In the CACM: Always the kind of gamification that should be of most value, one that turns a difficult, lengthy and tedious effort into obsessive fun. But how often does this work well? Where do the game mechanics make the most sense?
" ... In an effort to streamline the process of learning a second language, Cornell University researchers first created a "fun" aspect by adopting a video game format, then boosted the speed of learning by incorporating a social media "chat" function.
The researchers' most recent paper, Social Situational Language Learning through an Online 3D Game, was presented at the recent ACM Special Interest Group on Computer-Human Interaction conference (CHI 2016).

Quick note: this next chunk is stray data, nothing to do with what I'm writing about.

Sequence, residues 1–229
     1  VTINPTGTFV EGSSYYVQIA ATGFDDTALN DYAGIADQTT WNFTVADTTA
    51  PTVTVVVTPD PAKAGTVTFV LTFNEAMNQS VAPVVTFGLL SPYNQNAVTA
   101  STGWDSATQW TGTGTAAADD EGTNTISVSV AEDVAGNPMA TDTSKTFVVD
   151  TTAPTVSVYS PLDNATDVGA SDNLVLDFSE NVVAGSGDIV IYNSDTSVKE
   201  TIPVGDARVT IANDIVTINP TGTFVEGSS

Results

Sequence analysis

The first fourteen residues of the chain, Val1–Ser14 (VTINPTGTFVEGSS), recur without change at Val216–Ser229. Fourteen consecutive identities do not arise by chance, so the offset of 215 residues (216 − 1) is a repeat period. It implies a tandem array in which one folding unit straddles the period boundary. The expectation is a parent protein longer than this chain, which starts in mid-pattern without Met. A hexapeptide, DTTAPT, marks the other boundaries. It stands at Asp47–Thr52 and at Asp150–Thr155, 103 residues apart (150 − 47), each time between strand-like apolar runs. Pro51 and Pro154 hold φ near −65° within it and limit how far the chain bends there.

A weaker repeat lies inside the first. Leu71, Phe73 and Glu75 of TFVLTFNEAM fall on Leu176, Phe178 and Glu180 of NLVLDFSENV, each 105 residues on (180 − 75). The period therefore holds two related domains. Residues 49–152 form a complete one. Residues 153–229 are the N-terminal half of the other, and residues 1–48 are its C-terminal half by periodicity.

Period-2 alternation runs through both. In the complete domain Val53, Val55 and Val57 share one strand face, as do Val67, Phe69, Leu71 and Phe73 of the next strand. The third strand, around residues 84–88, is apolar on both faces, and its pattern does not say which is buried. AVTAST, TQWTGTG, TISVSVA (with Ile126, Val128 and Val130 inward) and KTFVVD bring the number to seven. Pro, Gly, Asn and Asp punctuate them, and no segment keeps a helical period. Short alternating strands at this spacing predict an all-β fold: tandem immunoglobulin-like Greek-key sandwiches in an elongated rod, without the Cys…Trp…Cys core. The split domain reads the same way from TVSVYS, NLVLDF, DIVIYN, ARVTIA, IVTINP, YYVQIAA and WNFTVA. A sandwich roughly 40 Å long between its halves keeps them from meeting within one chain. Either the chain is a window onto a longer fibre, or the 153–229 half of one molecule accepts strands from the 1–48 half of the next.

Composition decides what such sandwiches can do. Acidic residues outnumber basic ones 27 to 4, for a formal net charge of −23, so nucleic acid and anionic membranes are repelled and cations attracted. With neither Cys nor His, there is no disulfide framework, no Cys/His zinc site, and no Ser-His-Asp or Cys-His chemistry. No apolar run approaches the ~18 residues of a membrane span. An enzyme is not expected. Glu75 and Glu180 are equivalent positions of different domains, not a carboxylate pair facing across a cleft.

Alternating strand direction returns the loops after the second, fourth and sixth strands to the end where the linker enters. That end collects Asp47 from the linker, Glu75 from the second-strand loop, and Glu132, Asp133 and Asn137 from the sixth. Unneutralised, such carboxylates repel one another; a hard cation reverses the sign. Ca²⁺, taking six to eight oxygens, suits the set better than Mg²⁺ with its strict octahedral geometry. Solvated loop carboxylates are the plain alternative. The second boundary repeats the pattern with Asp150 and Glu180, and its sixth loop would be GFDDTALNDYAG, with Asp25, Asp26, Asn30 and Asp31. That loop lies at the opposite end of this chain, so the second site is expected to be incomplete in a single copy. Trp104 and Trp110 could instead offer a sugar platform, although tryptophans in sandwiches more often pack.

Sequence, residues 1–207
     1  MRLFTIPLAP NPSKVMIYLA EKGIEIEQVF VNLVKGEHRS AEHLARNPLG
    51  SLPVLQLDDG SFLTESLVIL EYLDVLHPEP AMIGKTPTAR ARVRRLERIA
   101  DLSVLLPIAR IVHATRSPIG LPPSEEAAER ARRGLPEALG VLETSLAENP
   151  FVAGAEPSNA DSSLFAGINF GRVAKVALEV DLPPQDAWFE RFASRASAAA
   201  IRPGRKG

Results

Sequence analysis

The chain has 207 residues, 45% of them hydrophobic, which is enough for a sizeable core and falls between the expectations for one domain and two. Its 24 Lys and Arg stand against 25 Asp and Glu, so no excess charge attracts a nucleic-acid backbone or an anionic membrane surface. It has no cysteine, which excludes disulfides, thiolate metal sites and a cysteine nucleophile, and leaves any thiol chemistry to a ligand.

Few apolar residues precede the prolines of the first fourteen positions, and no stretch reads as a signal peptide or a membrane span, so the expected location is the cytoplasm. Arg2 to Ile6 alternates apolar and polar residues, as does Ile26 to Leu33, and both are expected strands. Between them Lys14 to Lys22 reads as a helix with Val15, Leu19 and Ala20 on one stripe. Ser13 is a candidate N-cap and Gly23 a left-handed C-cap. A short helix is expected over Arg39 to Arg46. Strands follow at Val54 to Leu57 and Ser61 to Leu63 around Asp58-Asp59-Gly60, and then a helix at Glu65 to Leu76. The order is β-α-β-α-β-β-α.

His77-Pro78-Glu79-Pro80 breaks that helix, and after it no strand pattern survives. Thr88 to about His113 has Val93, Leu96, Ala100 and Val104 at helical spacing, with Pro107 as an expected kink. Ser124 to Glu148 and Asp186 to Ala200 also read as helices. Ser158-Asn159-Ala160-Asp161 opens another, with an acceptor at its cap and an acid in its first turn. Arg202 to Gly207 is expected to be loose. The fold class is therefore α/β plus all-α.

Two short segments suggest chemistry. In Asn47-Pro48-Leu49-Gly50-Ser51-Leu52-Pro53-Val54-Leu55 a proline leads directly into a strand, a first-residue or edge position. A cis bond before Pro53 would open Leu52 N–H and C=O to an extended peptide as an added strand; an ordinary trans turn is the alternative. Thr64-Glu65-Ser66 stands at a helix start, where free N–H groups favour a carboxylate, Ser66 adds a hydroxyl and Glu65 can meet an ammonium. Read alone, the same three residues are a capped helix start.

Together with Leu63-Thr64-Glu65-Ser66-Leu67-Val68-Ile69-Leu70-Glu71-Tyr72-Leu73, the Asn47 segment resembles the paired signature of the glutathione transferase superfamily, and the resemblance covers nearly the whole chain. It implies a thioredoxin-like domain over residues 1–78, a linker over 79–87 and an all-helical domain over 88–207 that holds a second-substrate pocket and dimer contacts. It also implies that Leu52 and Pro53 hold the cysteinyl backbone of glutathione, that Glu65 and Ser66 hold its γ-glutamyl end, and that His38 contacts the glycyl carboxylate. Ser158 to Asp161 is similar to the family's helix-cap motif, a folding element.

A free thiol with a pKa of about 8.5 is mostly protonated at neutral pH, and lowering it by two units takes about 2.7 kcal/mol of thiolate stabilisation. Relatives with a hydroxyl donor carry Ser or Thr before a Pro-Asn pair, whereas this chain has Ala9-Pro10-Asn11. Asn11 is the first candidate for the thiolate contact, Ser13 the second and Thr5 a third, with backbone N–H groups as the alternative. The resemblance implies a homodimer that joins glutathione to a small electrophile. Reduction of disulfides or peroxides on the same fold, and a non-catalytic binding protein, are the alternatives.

Mark Riedl, associate professor in the Georgia Institute of Technology (Georgia Tech) School of Interactive Computing and director of the university's Entertainment Intelligence Lab, said the Cornell work "parallels my own studies of 'games with a purpose.' While we work with games that crowdsource common-sense knowledge data sets instead of education, we are trying to identify which game mechanics increase player enjoyment and also increase the accuracy of data produced by humans." .... '